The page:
O’Hanlon said the important thing is what the world has learned about the young North Korean leader. And it should be taken seriously. “I think we’ve learned that he’s willing to be brutal, that he is his grandfather’s grandson and his father’s son. He’s acting in the Kim tradition. This is not a nice group of people," O'Hanlon noted. "They have ruled over the last Stalinist regime on Earth. They are as brutal as anyone on the planet in that period of time.”

Although there was never any evidence that Kim Jong Un was going to be different, O’Hanlon said he was hoping Mr. Kim would be a reformist considering his western education. “Unfortunately this execution of his uncle, who was the closest to China as anybody in the North Korean Ruling elite as far as I understand, is probably a bad sign because that suggests that even a person who’s open to reform is not going to be tolerated,” he stated.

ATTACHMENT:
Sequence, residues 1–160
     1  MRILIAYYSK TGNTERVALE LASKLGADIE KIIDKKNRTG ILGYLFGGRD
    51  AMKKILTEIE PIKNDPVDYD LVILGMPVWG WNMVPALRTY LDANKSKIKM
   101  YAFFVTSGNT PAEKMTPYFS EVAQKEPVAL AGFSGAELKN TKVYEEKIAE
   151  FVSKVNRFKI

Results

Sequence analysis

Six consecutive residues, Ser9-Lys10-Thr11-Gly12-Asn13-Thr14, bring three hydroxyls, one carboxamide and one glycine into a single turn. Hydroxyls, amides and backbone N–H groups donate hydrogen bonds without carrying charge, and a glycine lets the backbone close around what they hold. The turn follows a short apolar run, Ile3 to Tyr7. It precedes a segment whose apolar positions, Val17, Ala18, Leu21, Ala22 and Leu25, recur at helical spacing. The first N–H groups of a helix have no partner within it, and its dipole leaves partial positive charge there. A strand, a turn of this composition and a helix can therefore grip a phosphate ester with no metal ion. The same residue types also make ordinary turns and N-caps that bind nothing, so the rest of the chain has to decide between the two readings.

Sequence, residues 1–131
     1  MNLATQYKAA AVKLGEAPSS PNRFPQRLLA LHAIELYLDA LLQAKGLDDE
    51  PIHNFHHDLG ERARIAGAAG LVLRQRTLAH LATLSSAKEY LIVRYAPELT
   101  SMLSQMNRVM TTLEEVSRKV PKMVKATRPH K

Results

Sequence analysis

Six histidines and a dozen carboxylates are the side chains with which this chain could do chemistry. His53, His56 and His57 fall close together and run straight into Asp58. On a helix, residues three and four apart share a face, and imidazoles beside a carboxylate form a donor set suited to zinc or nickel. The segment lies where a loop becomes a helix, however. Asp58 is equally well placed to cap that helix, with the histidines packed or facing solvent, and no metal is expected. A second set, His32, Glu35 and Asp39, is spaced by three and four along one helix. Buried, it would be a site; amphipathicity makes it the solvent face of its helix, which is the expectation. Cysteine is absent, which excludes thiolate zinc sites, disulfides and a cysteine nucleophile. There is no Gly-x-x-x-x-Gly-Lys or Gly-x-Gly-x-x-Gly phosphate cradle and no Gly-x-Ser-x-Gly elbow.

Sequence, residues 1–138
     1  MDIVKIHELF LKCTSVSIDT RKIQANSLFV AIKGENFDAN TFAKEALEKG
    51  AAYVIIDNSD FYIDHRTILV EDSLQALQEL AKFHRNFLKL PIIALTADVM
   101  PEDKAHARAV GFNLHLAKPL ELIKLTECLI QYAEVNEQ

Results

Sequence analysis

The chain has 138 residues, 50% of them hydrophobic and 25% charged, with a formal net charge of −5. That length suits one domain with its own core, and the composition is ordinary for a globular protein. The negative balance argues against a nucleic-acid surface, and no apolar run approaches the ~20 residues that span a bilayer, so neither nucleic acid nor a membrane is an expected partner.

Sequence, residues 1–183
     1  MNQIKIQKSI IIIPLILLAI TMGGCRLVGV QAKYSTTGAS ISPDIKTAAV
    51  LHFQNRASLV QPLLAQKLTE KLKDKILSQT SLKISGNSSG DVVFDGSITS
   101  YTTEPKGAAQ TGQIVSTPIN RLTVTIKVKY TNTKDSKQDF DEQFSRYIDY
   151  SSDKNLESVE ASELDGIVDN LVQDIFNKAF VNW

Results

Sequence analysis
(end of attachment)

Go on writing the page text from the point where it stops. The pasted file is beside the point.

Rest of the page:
O'Hanlon said Rodman or not, sports diplomacy can't do much for a country like North Korea. But a vision of a different kind of relationship with the country, he said, is worth exploring.

You May Like

University of Michigan Wins Solar Car Race

Squad guided its student-designed solar-powered vehicle to fifth consecutive time victory in eight-day bi-annual American Solar Challenge More

Nigerian Islamic School Tries to Combat Boko Haram

Kaduna school headmaster teaches his students that what militants are doing is are doing is 'a total misunderstanding of the Islamic religion' More

University Trains Students to Advocate for Deaf People Worldwide

Program prepares graduates to advocate internationally for access to education, jobs for people with disabilities More

This forum has been closed.
Comment Sorting
Comments
     
by: Darrel Cummings from: Missouri, USA
January 15, 2014 3:33 PM